Lazybum Recipes: Yogurt and Chia

Today, I am going to tell you all about how to have breakfast. (Well, I more often eat this Lazybum Recipe with lunch, but you know what I mean.)

For work and pleasure, I spend a lot of time on sites about food and healthy living, which means that I often end up reading articles about unusual whole foods that are reputed to be the Greatest Nutritional Powerhouses of Splendor and Awe Ever. Sometimes, I gain this knowledge and do nothing useful with it: for instance, I learned that flaxseeds are wondrously healthy, but I also learned that they require grinding before use and they spoil quickly once ground, so I haven’t bothered to try them. However, now and then, I glean some information that I actually use.

One such discovery was chia seeds, which are the lovable seeds of the Salvia hispanica plant. Some tidbits about them:

  • They are the same kind of seeds as are used in Chia Pets, and I’m now tempted to gnaw on every Chia Pet I ever see.
  • They do not need to be ground before use, and they last for years without spoiling. (Take that, dumb flaxseeds!)
  • Nutritionally, they are pretty frickin’ amazing: 1 tablespoon of chia seeds has 6 grams of fiber, 3 grams of protein, and 2.9 grams of Omega-3 fatty acids.
  • They’re also full of useful minerals like phosphorus, manganese, calcium, and potassium.

The latter two are all things that I want inside me, so when I spotted wee bags of chia seeds at the grocery, I snatched one up and tried to figure out what to do with them.

The seeds are tiny and discreet, so it turns out that there are way too many things you can do with them. You can toss them with salads, grind them and use them as flour, thicken soups with them, stir them into smoothies, add them to oatmeal or cereal… really, if you have a food or drink, you can stick chia seeds in it. They have a mild, distantly nutty flavor, so no matter how you use them, they don’t interfere too much with the taste.

My favorite aspect of chia seeds is that they’re ridiculously fun to eat, texture-wise. When you first munch on them, they are satisfyingly crunchy. If exposed to liquid (i.e. in smoothies or yogurt), then they become gelatinous. It’s so cool. (Relatedly, if you run out of eggs, as I am wont to do at inconvenient times, you can use them as an egg substitute: 1 Tbsp. chia seeds + 3 Tbsp. water = equivalent of 1 egg.)

Here’s my favorite easy use of chia so far:

Yogurt with Chia Seeds

Ingredients:

  • 1 cup yogurt of choice (vanilla or plain works well)
  • 1-3 tablespoons chia seeds

Instructions:

  1. Decant yogurt into bowl.
  2. Pour chia seeds on top.
  3. Stir until chia seeds are evenly distributed throughout yogurt.
  4. Eat it all.

See photos below, if you need any guidance during this complex cooking endeavor.

A bare bowl of yogurt.
Bring on the chia…
All mixed together.
Little black specks are my favorite food!

5 thoughts on “Lazybum Recipes: Yogurt and Chia

  1. You’re adorable.

    You know what I’d do if I weren’t a crappy mom? I’d make my own smoothies-all with organic ingredients, ‘natch-and add chia seeds and then take a turkey baster and splurch little dots of this mixture onto parchment paper, then freeze them. Voila: little healthy yogurt nuggets for little healthy human nuggets!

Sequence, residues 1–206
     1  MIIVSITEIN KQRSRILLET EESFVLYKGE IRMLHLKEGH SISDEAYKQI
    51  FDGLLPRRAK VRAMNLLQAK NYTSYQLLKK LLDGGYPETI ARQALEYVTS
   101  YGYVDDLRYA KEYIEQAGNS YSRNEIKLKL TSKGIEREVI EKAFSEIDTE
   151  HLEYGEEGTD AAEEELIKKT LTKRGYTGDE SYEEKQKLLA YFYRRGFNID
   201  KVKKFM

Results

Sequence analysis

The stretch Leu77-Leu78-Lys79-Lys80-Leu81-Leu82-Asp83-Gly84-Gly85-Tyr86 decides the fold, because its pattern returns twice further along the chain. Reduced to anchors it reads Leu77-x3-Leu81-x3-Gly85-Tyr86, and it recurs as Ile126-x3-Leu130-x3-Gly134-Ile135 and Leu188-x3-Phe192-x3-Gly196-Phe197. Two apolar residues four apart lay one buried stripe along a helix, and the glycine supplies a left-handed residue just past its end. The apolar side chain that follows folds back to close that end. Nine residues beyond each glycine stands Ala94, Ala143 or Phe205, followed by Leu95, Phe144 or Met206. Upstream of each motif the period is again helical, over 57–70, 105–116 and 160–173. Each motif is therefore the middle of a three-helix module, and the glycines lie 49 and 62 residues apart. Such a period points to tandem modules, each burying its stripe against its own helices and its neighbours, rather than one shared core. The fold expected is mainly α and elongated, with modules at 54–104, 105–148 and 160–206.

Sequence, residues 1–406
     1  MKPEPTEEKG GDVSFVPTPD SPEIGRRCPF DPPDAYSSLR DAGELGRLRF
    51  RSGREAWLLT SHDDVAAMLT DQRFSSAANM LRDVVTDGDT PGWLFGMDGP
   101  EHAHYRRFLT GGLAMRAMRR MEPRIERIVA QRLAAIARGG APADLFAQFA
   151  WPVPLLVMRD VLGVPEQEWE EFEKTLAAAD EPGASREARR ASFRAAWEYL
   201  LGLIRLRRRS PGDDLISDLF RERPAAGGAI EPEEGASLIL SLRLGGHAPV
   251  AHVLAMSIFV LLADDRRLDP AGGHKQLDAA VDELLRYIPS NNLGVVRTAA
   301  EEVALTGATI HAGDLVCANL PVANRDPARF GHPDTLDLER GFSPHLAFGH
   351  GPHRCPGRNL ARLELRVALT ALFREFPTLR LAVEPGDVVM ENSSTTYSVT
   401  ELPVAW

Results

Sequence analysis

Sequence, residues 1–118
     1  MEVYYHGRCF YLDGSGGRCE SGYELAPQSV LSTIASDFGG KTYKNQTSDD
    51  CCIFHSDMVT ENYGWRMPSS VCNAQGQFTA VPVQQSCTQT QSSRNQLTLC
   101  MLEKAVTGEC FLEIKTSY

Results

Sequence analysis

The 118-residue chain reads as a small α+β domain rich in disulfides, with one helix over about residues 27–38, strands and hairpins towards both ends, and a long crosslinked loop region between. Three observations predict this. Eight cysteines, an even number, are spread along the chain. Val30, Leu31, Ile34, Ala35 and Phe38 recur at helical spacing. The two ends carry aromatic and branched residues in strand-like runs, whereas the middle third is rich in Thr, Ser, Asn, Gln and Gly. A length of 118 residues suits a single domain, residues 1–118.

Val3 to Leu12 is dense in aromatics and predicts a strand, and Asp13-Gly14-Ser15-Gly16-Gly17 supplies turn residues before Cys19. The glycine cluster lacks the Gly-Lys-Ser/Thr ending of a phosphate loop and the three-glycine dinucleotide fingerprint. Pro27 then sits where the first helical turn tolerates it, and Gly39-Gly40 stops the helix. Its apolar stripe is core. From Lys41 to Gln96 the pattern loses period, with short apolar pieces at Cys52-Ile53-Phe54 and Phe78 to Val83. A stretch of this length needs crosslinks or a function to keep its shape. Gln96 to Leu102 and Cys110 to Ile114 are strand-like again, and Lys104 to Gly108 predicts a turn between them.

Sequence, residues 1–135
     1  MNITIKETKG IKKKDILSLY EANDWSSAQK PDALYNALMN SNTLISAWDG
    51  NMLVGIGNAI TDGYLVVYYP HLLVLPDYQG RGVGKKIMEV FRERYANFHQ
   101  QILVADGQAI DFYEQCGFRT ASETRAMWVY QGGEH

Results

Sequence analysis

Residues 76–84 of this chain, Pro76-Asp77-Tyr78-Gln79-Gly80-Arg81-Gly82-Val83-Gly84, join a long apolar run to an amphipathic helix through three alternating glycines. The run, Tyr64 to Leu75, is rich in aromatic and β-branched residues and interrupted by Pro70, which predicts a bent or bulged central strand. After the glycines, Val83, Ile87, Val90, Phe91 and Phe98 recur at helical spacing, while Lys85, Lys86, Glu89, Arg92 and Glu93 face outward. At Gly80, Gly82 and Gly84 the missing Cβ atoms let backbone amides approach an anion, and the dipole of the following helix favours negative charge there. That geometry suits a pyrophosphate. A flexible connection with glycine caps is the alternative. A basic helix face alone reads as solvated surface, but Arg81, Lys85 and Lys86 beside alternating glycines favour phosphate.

I did this once, minus the chia seeds and with a store-bought (Safeway-bought, even) smoothie.

    1. OH! That is a great and wise idea, the little splurched frozen yogurt nuggets. Brilliant, gal. I’d totally try making them if I had a kid and more get-up-and-go.
      If that’s too much work, you could try just freezing blueberries or raspberries, although that always seems like such a waste to me…

      We should sling you a bag of chia seeds, for bonus hippie mom cred. They’re so easy to use it’s ridiculous. Plus, a $5 bag of them from Trader Joe’s lasts me at least a month, and that’s if I eat them every weekday.

  2. …and little orangey dots are your favorite sight. Myself, I think that chia seeds are gross when they get wet, like frogs’ eggs, but they would make a fine plaster, if a bit dotty. Because of you I bought a little bag of chia seeds at the health food store. I usually put them in the icebox and forget about them. That’s what I recommend. Actually, I threw some into a baked potato, with cheese and yogurt and maybe even some avocado. I like your food photography, except the bowl looks like it’s sitting in a bed of cedar chips, which means that rats can’t be far away. Perhaps I will try chia seeds in my next Magic Bullet smoothie. You ought to get your own Magic Bullet, so you can grind our own seeds and icy fruity drinks. And is that for real about the egg equivalency? In what way are they equivalent to one egg? I mean, proteinwise, or truly as an egg substitute for something like a cake. That just doesn’t make sense to me. You’re very cute and so is your sister. xoxoxoxox

    1. But I love the texture of frogs’ eggs, don’t you see? Hence my affection for goopy chia.

      You should buy me a Magic Bullet for Labor Day. I would use it every day, except upon the days when I didn’t use it.

      There are two options for the egg equivalency: you can grind up the chia seeds real fine, e.g. in a coffee grinder, and then add the water and let it sit until gooey (2-5 minutes). You can also just use regular whole chia seeds, combine with water, and wait for gel. The Internet tells me that you can, in fact, use this instead of an egg when baking, and it should create the proper consistency—although I can’t say for sure, as I’ve not tried it yet myself.

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